“I saw my father breaking down” and it “made me feel a sudden pain,” Byju Raveendran wrote in a letter to Byju’s employees. Once called India’s ed-tech behemoth, as it earned the title of India’s most-valued startup; Byju’s today is reeling under heavy setbacks, including a liquidity crunch, accounting irregularities, scrutiny from government bodies, alleged mis-selling of courses and mass layoffs, among others.
And now, the company’s key shareholders want Byju Raveendran and his family out of the board. A group of shareholders, who collectively hold 30 per cent shares in Byju’s, are calling for an extraordinary general meeting (EGM) to reconstitute the board of directors, so that it is no longer controlled by the founders of Byju’s parent company, Think & Learn (T&L), Economic Times reported.
For Byju Raveendran, life seems to have come full circle; from being Byju’s biggest, brightest hero to being its most-despised villain.
Byju Raveendran: The path to success
Byju Raveendran’s journey began in his hometown in Kerala, India. Growing up in a family of educators, he developed a passion for learning early on. Despite not receiving formal coaching, Byju excelled academically and cleared the Common Admission Test (CAT) for the prestigious Indian Institutes of Management (IIMs).
While working as an engineer, Byju started teaching a few friends to crack the CAT exam. He devised his teaching methods, emphasising the simplification of complex concepts through visualisation and real-life examples. This experimental teaching approach garnered significant attention and appreciation from students.
In 2011, Byju founded Byju’s, initially as an offline coaching centre in Bengaluru. However, recognising the potential of technology to revolutionise education, he shifted focus to online learning. This decision marked a turning point in his entrepreneurial journey.
Byju’s introduced its learning app in August 2015, which quickly gained popularity for its innovative approach to education.
As the demand for online education surged, Byju’s expanded its offerings, covering a wide range of subjects and competitive exams. Byju Raveendran’s relentless pursuit of excellence, coupled with his ability to adapt to changing market dynamics, propelled the company’s growth.
The company soon became one of the world’s most valuable ed-tech companies, reaching millions of students across India and beyond. At its peak, Byju’s total valuation crossed the $22 billion mark, with its growth backed by major venture capitalists around the world.
The downfall: When parents ran afoul of Byju’s
Following the phenomenon rise of the company in the years of the COVID-19 pandemic, several troubling media reports started surfacing in India showing how Byju’s allegedly used exploitative, immoral as well as illegal practices to force humbled parents into buying ‘essential’ courses for their children.
Watch: Byju’s valuation freefall sparks shareholder push for leadership change
Parents would get incessant cold calls and visits from salespersons to convince them that not subscribing to Byju’s courses would render their children poor forever. The company allegedly pushed parents, irrespective of their financial condition or whether children needed it, to buy their courses and even helped some of them get loans from their bank.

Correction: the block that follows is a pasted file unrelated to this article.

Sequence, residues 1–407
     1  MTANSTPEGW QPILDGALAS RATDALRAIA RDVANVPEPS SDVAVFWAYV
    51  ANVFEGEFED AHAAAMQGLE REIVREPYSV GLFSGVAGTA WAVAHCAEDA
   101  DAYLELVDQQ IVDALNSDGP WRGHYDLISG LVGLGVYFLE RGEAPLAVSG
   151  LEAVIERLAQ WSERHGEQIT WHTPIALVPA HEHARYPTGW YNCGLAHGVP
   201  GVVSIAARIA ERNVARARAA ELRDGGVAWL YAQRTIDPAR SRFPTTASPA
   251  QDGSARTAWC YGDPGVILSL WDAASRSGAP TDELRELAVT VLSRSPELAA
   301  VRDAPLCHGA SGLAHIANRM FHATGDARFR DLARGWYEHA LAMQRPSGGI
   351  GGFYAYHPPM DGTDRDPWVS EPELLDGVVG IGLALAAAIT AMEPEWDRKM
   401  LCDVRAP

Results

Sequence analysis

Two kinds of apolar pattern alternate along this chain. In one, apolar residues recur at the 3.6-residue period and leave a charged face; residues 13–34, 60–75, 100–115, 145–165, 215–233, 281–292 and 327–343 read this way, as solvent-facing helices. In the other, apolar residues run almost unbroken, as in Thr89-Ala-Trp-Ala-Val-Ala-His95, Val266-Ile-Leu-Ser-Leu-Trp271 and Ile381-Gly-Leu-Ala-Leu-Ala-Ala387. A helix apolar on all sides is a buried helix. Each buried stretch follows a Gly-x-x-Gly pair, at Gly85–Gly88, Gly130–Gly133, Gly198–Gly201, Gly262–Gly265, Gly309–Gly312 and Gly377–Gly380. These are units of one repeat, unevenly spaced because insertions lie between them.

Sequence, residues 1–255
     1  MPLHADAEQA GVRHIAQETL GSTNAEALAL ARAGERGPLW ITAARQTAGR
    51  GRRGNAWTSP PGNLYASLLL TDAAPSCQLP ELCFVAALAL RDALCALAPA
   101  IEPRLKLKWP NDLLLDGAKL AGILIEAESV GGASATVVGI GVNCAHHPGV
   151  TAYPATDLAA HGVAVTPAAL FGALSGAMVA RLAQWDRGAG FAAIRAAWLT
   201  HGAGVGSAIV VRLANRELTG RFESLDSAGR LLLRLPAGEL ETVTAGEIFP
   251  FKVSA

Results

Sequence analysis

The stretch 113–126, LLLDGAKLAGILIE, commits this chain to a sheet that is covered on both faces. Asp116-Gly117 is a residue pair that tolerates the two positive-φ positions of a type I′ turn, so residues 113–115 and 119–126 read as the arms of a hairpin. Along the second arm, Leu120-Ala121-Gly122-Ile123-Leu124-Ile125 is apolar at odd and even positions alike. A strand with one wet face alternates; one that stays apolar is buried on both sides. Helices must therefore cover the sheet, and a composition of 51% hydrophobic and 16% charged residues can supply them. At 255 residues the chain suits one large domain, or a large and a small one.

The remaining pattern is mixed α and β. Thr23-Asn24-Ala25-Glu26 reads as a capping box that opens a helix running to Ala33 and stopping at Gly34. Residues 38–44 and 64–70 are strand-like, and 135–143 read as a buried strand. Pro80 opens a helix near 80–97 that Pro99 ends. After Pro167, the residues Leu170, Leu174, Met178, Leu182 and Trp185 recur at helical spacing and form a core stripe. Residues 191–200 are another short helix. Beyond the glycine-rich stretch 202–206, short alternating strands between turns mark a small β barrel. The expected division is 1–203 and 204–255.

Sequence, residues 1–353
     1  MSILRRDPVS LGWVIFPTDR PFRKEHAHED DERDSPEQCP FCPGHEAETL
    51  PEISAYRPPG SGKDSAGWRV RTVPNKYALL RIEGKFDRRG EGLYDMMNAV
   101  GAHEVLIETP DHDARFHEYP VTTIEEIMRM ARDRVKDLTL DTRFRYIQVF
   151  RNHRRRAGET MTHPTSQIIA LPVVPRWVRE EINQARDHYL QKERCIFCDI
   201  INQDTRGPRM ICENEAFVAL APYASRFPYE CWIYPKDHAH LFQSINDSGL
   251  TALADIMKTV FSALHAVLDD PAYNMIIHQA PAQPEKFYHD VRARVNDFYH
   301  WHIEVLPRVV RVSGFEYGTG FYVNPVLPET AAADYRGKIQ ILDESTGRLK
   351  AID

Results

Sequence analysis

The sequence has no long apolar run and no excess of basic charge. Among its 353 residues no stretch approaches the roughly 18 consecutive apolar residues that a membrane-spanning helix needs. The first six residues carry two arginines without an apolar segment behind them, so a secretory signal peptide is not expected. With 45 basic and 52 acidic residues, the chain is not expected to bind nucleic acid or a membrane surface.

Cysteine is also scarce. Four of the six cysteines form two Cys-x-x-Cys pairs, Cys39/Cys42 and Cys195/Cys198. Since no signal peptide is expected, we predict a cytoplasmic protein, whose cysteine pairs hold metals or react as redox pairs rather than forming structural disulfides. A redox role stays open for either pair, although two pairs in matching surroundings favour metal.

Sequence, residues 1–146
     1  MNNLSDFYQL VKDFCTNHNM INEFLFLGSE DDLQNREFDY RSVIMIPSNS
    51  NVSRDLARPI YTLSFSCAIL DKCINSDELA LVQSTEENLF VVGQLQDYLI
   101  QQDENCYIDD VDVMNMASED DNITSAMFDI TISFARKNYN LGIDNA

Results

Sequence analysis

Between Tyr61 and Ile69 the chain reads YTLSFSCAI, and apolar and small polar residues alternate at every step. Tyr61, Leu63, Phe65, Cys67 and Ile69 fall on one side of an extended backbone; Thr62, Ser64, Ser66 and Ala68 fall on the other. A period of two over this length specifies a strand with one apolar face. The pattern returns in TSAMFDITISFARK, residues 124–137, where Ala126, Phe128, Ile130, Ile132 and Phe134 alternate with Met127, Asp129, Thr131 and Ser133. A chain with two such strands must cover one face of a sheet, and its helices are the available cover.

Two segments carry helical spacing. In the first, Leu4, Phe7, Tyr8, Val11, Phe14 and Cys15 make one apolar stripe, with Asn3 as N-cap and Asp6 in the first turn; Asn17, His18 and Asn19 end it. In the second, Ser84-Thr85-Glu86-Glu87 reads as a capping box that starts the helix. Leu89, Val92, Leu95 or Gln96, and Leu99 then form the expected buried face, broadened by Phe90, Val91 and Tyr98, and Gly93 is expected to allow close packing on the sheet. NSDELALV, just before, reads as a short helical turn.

BBC quoted several current and former employees of the company as saying that they were often pushed to meet unrealistic targets. Several employees had to work for 12-15 hours at the company and speak to potential customers for at least “120 minutes” a day to get their presence marked on the working day.
That’s why when parents would apply for a refund or request cancellation; their calls were most often ignored, leaving families buried under heavy debt.
In one instance, a Byju’s salesman even got a man to subscribe to a loan without his consent, leaving him red-faced as he started receiving reminders from the company about an upcoming monthly installment.
When he visited Byju’s office to get the course cancelled, he was told the process was underway even though he was still being charged. Most of the parents targeted were from poor backgrounds, had little education, and were not tech-savvy.
2023: When Byju’s collapsed like a house of cards
Demand for online education started to subside in India as the pandemic ended. In April 2023, legal troubles started mounting for the company as the Enforcement Directorate (ED), India’s premier financial intelligence agency, raided Byju’s three offices for allegedly flouting the provisions of the Foreign Exchange Management Act (FEMA).
In 2023, one of the company’s foreign lenders too filed a lawsuit against Byju’s, making things worse. The year later saw mass firing across all departments in Byju’s.
As pressure from lenders mounts, Byju’s is now again seeking to raise $200 million from investors against the valuation of $250 million, a 99 per cent cut from the company’s peak valuation of $22 billion. But investors are adamant about removing Raveendran and family from the company’s board.
“We are deeply concerned about the future stability of the company under its current leadership and with the constitution of the board,” the investors reportedly said.
The American chapter of Byju’s has already filed for bankruptcy after defaulting on debt of $1.2 billion.
“Entrepreneurs are supposed to be stoic and steadfast. They indeed have an irrational capacity to suffer and the ability to eventually prevail over all that pain,” Byju Raveendran wrote in his letter to the employees.
(With inputs from agencies)